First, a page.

Journal of Martial Arts Anthropology

Abstract - Barriers to the development of Far Eastern martial arts in selected areas of Central Europe

Background and study aim. The theoretical perspective for the analysis presented here consists of the sociology of sport and the humanist theory of martial arts. The aim of the research was to indicate the main barriers declared by practitioners of the different types of martial arts and combat sports in selected Central European countries. In particular the variables of place of training and variety of martial arts/combat sports have been taken into consideration. 6 research questions would need to be set in order to arrive at an answer to the problem as posed.
Material and methods. The diagnostic survey method has been used. The research has been conducted on a group of 500 people, out of whom N = 489 were accepted for further study. Selection of the samples for testing – purposeful samples of the people who train combat sports and martial arts in Germany, Poland and Slovakia societies, and British rugby players. N = 489, the age limit of respondents was 17-45.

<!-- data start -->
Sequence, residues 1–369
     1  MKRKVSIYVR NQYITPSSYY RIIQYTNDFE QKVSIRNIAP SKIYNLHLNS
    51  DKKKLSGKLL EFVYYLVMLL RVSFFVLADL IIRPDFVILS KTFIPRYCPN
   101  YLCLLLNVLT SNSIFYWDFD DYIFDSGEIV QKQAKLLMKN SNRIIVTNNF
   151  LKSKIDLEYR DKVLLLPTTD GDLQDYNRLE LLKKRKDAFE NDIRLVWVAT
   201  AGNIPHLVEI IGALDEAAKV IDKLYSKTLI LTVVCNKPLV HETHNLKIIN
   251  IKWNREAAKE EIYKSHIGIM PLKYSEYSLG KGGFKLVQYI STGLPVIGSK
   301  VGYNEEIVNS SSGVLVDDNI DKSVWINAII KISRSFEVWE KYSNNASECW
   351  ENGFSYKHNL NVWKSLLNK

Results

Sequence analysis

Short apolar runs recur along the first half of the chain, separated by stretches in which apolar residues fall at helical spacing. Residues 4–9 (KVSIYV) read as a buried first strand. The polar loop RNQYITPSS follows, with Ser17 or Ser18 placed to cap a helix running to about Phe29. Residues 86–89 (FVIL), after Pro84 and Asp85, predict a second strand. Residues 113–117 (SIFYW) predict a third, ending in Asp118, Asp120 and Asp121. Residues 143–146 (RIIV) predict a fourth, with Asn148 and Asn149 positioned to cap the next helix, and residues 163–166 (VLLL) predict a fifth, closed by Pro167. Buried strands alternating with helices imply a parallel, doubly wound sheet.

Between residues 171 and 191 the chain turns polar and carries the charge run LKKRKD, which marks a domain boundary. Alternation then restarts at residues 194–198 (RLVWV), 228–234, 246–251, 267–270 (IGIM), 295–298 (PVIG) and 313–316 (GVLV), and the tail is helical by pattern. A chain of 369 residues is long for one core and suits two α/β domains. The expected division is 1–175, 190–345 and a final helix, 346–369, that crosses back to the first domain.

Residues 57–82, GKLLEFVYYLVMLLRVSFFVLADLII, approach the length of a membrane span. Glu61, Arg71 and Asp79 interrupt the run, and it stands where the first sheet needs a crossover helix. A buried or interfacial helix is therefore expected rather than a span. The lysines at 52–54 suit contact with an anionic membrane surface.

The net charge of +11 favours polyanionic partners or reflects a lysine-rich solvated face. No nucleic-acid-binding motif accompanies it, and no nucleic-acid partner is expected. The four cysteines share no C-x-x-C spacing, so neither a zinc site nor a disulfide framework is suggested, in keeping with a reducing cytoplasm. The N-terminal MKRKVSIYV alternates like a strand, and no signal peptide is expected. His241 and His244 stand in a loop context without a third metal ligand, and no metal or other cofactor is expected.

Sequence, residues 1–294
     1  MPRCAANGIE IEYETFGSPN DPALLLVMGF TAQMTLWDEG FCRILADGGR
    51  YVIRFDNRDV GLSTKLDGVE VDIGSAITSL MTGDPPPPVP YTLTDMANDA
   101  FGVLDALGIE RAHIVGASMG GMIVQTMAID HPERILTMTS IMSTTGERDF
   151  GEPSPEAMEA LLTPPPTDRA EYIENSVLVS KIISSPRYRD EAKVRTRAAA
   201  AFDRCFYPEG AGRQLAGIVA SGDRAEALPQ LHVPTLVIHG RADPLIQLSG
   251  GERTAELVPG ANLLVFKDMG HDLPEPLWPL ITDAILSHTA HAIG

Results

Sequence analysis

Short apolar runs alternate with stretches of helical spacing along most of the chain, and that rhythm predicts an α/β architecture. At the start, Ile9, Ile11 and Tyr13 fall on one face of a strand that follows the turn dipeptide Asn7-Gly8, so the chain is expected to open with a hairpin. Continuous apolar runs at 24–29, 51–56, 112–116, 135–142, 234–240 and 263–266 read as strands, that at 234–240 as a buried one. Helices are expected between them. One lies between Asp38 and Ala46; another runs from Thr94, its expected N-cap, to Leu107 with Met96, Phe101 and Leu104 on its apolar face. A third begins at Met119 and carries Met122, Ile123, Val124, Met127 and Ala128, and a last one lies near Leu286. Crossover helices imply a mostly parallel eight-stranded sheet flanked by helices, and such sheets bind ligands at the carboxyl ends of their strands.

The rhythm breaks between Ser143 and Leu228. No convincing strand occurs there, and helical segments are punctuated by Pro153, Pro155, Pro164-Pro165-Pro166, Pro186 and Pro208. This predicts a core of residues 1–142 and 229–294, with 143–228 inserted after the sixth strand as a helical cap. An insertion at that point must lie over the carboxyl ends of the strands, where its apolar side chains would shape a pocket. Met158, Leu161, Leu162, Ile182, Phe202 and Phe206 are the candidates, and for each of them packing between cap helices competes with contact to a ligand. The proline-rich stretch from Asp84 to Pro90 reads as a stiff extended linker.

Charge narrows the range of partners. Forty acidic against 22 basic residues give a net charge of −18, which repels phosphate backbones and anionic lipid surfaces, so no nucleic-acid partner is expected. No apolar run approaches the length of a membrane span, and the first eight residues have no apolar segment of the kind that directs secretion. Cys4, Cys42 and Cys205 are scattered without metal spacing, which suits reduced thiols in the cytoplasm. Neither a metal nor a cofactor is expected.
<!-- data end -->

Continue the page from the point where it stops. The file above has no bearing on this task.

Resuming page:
Results. A great number of respondents (practicing judo, jujitsu and rugby) most often indicated the dangers of aggression and violence or of using the combat skill for illegal purposes. Practicing martial arts to show-off was most frequently emphasized by karatekas and aikidokas. The economic dimension has had a secondary meaning here.
Conclusions. Associating martial arts and combat sports with aggression and violence or fears about using them in this way dominate here. Moreover, the representatives of (non-competitive) martial arts have listed ‘sporting rivalry and competition’ as a negative phenomenon.